1.4.4. Android Intents and Broadcast Receivers
Android Intents are the communication medium .i.e., app components send messages to one another like you do with your friends. It is a messaging object. It can be used to query an action from another app component. Android Intent can be used to instantiate a new activity or get result from another activity. A service can be started by passing intent to perform a single operation. A broadcast can be sent to other apps by passing intents. Intents are of two types:
· Implicit Intents: These are used to declare general actions to be performed so that part of another app can handle it.
· Explicit intents: These are generally used to start a new element of your own application. These elements are started by their name i.e. fully qualified class name. For example, if you want to call your best friend you would do it by name and if he/she is not with you then you would definitely know the residential address. Now this is residential address is what we refer to be as fully qualified name.
We know little bit about activity, service but what this broadcast chap is all about??? Let’s find out this in next few lines. Android Broadcast is a message which spreads out when any event occurs. They are received by apps. Android Intents can be used to deliver broadcasts to other apps. For example, when your device boots up or switched on system generates a broadcast to all apps. There should be a procedure or should be something which can receive these broadcasts. These receptors are called broadcast receivers. For this you need to register a receiver in the activity which we shall deal while programming for the same. There are two types of broadcasts:
· Normal Broadcasts: These are asynchronous in nature. Many receivers can be activated at the same time which doesn’t have any defined order. But they are very efficient.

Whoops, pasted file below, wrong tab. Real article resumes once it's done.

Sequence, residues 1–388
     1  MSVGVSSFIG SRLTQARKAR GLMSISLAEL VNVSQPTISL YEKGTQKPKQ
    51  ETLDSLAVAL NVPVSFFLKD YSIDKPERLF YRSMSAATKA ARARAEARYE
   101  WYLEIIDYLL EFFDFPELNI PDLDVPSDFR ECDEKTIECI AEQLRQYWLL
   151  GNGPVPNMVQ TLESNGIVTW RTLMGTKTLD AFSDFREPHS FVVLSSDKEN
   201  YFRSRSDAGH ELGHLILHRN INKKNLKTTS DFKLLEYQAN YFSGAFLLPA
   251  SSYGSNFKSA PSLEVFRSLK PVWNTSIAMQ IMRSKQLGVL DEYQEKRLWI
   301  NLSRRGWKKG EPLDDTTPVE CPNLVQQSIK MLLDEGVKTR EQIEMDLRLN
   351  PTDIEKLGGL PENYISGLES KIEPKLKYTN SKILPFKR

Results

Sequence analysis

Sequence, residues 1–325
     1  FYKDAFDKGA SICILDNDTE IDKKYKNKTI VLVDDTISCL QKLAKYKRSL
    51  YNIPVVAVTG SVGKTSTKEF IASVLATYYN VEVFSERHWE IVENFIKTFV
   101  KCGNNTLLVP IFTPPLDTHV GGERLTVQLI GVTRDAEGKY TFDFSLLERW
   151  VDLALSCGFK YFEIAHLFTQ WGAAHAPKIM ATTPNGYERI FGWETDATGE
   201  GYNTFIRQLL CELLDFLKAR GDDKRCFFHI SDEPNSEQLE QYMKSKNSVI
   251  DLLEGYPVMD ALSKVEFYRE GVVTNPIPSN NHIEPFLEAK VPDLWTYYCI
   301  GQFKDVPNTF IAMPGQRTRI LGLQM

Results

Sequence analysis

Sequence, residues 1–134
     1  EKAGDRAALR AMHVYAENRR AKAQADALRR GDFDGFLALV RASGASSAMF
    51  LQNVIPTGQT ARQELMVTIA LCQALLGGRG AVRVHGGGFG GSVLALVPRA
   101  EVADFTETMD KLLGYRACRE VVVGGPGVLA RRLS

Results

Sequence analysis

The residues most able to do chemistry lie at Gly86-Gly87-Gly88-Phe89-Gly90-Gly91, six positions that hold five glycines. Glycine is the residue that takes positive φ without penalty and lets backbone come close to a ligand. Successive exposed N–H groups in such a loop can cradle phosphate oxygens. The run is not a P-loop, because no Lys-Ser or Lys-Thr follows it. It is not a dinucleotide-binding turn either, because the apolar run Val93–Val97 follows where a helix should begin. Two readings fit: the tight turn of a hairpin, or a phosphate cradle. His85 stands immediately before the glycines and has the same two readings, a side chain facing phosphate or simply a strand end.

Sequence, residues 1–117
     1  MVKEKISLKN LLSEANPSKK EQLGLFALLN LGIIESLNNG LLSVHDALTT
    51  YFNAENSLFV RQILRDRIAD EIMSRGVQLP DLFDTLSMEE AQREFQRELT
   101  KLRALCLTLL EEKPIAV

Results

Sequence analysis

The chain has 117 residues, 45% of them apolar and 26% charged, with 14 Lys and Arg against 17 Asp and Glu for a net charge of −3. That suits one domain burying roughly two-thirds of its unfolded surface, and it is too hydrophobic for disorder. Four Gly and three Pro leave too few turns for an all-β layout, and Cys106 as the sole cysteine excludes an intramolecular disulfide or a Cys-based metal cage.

· Ordered Broadcasts: They are synchronous in nature. Broadcast received by one receiver passes it to other receivers. Broadcasts are delivered to receiver on one-to-one and sequential basis. Either receiver will pass result to another receiver or it may completely destroy the broadcast.
1.4.5. Android Widgets and Notifications
Android App widgets are the small application views. These views can be embedded into other applications. They can receive updates on periodic basis. Now what is a widget first of all? A widget is a quick view of your app’s functionality and data. This view is accessible from home screen of your device. Now widgets are of following types:
Let us find out what these four types o widgets have to say
· Informational Widget: These Android widgets are going to display only that information to user which is important and dynamic in nature. Example the information displayed on your home screen saying time and weather condition is a widget of this type.
· Collection Widgets: These Android widgets scroll in top-to-down direction. Collection of information of same type and then enabling user to open any one of them to full detail. Example is your e-mail app which will display all the mails in your inbox and then allow you to open any one o them.
· Control Widgets: Displays the most frequently used functionalities which user might want to control from home screen. For example in a video app, you can pause, play, stop, go to previous track, move to next track is an example of control widget.
· Hybrid Widgets: These Android widgets combine features of all of the above three.
Notification, as the name says keeps the user aware of events going on. User is kept informed like any news channel. For e.g, everyone of us know about facebook or whatsapp, now notification system of app is responsible for informing you about any new friend request, chat request, or a new message from say, dvs or xyz, etc.